The Chris Robinson Brotherhood have announced the release of their fourth studio album, Anyway You Love, We Know How You Feel, out July 29, 2016 via Robinson’s own Silver Arrow Records. The band relocated to northern California for the sessions, recording on the side of a mountain overlooking the foggy Pacific Ocean and channeling the natural majesty of their surroundings into the album’s eight sprawling tracks. Having spent the prior two years touring relentlessly, the CRB were road-tested and in peak form to capture their kinetic chemistry and immersive sound, which Uncut Magazine called, “…a celebration of how American musical traditions can be at once honored and psychedelically expanded.”
“It was an opportunity to see where our expression could take us. For us, when it comes to making records, the looser it gets the better,” says Robinson. “It’s all about taking our intuition and following it to where our ideas can really manifest themselves. This turned out to be the most spontaneous record I’ve ever been a part of.”
Indeed, when the Chris Robinson Brotherhood entered the studio to begin recording the album, no one knew just what to expect. These would be the band’s first recordings with new drummer Tony Leone (Ollabelle, Levon Helm) and their first time producing themselves. Robinson purposely left as much open-ended as possible. Rather than coming into the studio with a collection of finished songs as he had in the past, he would present the group with sketches—a verse and melody here, a chorus and chord progression there—and let the band follow its collective muse to bring the music to life. They’d lean into the improvisational nature that makes their live shows such enthralling spectacles and thrive on the unexpected.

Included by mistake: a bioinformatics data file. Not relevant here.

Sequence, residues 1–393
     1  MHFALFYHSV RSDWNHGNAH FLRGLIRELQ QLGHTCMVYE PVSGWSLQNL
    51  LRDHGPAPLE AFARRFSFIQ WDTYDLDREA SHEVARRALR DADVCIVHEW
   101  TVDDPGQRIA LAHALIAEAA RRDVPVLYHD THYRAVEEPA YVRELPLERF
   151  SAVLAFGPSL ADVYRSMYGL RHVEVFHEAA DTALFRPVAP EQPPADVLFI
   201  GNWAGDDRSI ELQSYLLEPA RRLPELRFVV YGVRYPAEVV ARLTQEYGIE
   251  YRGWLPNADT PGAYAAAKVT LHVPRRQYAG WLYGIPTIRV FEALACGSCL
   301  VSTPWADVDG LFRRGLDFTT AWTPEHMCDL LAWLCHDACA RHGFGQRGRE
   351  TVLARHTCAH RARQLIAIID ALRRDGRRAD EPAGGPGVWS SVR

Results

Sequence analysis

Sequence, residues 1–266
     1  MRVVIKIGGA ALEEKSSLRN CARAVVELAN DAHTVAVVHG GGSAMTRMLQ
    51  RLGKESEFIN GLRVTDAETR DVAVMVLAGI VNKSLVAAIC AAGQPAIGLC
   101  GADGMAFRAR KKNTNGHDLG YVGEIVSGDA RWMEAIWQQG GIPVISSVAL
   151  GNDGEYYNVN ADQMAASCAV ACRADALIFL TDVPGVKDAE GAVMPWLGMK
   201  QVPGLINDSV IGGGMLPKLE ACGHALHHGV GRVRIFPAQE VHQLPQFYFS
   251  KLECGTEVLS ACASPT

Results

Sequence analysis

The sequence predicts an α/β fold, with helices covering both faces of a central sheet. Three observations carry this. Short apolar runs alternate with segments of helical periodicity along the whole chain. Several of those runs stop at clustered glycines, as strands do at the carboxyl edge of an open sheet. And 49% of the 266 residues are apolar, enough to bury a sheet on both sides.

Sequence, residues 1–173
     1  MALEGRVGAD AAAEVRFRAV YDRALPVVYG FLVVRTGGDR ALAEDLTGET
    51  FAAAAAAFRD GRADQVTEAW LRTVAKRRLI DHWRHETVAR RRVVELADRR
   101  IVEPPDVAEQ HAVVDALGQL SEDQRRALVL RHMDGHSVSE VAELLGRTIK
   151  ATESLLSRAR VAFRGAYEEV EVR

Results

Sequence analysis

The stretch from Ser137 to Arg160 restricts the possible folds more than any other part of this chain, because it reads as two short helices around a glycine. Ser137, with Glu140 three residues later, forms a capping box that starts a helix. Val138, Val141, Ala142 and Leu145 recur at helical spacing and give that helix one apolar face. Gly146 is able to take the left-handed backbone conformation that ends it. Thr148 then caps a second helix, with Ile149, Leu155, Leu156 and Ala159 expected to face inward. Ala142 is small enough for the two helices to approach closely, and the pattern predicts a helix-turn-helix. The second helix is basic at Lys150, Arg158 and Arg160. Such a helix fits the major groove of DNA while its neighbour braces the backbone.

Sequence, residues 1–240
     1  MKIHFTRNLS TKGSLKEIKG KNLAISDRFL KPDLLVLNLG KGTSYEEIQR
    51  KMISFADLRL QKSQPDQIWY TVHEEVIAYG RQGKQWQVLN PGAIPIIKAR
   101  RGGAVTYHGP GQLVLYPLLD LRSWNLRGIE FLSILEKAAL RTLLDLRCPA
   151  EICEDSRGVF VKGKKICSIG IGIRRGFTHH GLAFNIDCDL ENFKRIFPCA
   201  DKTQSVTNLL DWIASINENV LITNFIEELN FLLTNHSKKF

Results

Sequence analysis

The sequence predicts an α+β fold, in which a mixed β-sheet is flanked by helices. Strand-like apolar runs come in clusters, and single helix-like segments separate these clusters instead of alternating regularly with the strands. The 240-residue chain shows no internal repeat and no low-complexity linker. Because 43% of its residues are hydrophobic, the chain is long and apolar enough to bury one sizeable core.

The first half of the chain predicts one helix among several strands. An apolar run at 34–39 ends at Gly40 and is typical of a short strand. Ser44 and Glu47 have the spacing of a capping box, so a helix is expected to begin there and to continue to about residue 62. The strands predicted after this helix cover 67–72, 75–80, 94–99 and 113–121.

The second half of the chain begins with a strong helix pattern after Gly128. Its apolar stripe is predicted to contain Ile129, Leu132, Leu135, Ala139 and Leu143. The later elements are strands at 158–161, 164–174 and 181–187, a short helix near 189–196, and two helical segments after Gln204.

“All it takes is one good, small idea, and then if everyone’s focused and in the moment, a few hours later, you can have something that you realize you’ll be playing for as long as you’re making music,” Robinson continues. “I think when everyone’s aware that that’s the sort of magic that we’re looking for. More than any other session that I’ve ever been a part of, that’s how all of these songs were done.”
The album kicks off with “Narcissus Soaking Wet,” a psychedelic toe-tapper that marks Robinson’s first co-write with keyboardist Adam MacDougall. It touches on everything from Dylan and Parliament Funkadelic to psych rock and Chicago rhythm and blues. “Ain’t It Hard But Fair” calls to mind the soulful Americana of The Band, while “Oak Apple Day” is a mediation on life in the CRB, and “Forever As The Moon” came together in a stream of consciousness between The CRB’s lead guitarist Neal Casal and Robinson. “Leave My Guitar Alone” was a song Robinson had been sitting on for nearly 15 years, but only once he presented it to the rest of the band did it roar to life in a way that had eluded him for more than a decade. Some of Robinson’s finest writing to date arrives in the album’s final minutes, with the country-soul, gospel-tinged closer “California Hymn,” which finds him singing “Glory glory hallelujah / It’s time to spread the news / Though my good words may sound profane to some.”